Understanding the Kansas City Chiefs offseason plan at cornerback

DENVER, CO - OCTOBER 17: Cornerback Charvarius Ward #35 of the Kansas City Chiefs runs on the field against the Denver Broncos during the first quarter at Empower Field at Mile High on October 17, 2019 in Denver, Colorado. (Photo by Justin Edmonds/Getty Images)
DENVER, CO - OCTOBER 17: Cornerback Charvarius Ward #35 of the Kansas City Chiefs runs on the field against the Denver Broncos during the first quarter at Empower Field at Mile High on October 17, 2019 in Denver, Colorado. (Photo by Justin Edmonds/Getty Images) /

The Kansas City Chiefs approach at cornerback has looked confusing this offseason. Let’s try to make sense of what Brett Veach is thinking.

Are you worried that Kansas City Chiefs general manager Brett Veach isn’t doing enough to address the cornerback position? Are you wondering why each cornerback that seemingly would have made a good fit is going somewhere else? You aren’t alone. However, Brett Veach deserves some credit here.

First and foremost, the market for cornerback has been, well, weird. Seeing Nickell Robey-Coleman, (someone who I really liked, go for only $1.35 million after being a top 20 corner according to Pro Football Focus is mind-blowing. You may remember the name because of the no-call against the New Orleans Saints that would have resulted in a Super Bowl appearance, but he has been a top-tier slot defender for the past few seasons.

Immediately upon seeing the deal, I wondered why wouldn’t a team strapped for cash but in a win-now mode bring in this guy? I went through all of the scenarios and outside of Robey-Coleman straight up saying, “I want less money to play on a worse team,” the only logical scenario is this: Veach trusts the slot corner role to Rashad Fenton.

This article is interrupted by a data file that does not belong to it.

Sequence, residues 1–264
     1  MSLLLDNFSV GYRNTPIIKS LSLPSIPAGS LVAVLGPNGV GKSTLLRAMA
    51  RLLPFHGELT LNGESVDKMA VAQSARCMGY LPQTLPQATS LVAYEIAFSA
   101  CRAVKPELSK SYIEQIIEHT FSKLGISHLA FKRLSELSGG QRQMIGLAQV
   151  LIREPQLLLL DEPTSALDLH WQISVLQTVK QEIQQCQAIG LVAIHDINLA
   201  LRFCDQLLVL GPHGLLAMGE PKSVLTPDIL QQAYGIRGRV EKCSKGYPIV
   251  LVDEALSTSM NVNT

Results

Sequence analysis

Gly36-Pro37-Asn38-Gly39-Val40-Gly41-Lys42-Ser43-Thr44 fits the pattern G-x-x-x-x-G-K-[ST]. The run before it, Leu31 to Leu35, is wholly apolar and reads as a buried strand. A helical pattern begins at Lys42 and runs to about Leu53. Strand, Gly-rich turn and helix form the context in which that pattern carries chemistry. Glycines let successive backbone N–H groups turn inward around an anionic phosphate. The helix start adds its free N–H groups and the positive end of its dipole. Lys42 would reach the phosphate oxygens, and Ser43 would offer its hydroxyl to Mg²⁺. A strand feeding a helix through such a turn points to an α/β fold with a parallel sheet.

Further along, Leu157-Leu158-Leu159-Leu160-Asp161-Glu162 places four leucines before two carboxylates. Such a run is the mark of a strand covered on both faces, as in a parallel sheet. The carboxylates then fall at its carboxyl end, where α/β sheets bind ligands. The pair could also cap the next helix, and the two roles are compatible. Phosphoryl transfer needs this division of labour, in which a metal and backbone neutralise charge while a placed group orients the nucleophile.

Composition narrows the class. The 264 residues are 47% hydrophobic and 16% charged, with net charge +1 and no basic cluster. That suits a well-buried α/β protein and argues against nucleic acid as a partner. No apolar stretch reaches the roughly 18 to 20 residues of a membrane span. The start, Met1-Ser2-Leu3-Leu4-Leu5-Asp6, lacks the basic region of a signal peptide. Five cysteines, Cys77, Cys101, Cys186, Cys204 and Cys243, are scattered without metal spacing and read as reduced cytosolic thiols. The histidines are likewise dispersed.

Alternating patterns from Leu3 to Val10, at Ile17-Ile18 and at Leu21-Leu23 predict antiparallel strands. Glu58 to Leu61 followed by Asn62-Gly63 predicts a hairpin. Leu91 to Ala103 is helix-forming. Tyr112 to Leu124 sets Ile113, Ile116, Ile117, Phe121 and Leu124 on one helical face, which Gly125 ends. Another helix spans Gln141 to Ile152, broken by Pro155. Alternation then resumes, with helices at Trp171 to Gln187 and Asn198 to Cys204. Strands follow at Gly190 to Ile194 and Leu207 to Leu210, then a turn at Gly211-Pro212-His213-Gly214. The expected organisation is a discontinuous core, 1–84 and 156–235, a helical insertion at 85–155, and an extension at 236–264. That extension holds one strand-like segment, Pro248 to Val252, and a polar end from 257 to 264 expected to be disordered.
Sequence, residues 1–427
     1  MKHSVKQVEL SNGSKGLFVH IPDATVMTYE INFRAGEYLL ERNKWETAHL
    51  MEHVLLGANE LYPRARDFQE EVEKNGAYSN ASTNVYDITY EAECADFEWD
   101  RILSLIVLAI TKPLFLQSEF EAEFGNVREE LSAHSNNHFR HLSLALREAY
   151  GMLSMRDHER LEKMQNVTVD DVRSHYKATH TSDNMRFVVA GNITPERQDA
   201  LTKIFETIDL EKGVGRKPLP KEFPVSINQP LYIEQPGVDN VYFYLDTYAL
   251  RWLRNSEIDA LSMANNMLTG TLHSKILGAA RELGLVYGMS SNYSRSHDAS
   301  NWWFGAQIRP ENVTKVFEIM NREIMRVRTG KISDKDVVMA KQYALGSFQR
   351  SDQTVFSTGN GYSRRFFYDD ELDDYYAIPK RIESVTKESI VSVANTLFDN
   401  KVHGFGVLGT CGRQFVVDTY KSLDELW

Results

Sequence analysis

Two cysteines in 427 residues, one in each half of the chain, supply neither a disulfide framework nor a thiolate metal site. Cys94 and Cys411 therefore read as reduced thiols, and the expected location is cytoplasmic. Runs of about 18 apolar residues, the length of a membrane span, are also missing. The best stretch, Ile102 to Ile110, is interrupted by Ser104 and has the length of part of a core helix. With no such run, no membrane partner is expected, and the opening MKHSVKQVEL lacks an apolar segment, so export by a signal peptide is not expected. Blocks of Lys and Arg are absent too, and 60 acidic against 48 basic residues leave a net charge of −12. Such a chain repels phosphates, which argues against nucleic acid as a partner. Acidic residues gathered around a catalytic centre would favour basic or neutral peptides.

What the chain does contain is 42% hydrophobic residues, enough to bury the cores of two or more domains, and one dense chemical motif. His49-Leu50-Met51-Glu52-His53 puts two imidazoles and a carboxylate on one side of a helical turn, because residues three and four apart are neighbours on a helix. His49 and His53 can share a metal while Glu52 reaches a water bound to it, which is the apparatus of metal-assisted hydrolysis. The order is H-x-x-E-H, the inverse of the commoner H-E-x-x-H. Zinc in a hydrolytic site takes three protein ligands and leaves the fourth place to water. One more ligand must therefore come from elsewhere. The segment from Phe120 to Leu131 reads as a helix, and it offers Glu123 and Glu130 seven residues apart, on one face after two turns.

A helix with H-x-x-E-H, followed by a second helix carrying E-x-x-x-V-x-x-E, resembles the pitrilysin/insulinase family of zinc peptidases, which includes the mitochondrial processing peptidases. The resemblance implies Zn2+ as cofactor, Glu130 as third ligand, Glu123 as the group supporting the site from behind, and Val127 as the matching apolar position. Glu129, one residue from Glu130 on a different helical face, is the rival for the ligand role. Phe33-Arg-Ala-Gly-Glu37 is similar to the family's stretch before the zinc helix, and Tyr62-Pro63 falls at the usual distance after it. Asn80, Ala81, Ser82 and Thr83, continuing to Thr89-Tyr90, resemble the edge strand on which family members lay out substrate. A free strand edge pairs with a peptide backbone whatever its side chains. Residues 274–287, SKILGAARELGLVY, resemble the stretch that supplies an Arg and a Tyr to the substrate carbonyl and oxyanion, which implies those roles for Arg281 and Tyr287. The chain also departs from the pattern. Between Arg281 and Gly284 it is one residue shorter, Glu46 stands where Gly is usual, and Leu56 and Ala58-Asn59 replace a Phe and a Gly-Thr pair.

Fenton is a former sixth rounder who no one seemed high on during training camp, but who continually grew during the season and even got a good chunk of snaps in the Super Bowl. To Fenton’s credit, he had a productive rookie season and coupled with the late-round rookie contract, Veach is rolling with it.

Then again, why wouldn’t he? Veach has hit on most of his draft picks. He has hit on Charvarius Ward in a trade. He’s hit on his prove-it deals, a la Bashaud Breeland. When you hit as often as Veach does, you earn the right to be trusted. The fact that Veach let a high-end slot guy go for what is seemingly a tiny contract means he has the upmost faith in Fenton.

Now on to other guys that I thought would have made a fit. With the departure of Kendall Fuller to the Redskins (I know safety/cornerback but roll with it), who does Steve Spagnuolo need as the defensive coordinator? A safety? A corner? Why not a another hybrid, which is where Jalen Mills would have came into play?

Mills signed a 1 year, $5 million deal with the Philadelphia Eagles that will have him playing all over the field. Wouldn’t Mills have made sense in Fuller’s old role? Mills is a guy who seemingly hasn’t lived up to what Eagles fans have thought. He has been up and down but a late season switch to safety helped land him this deal. Sound familiar?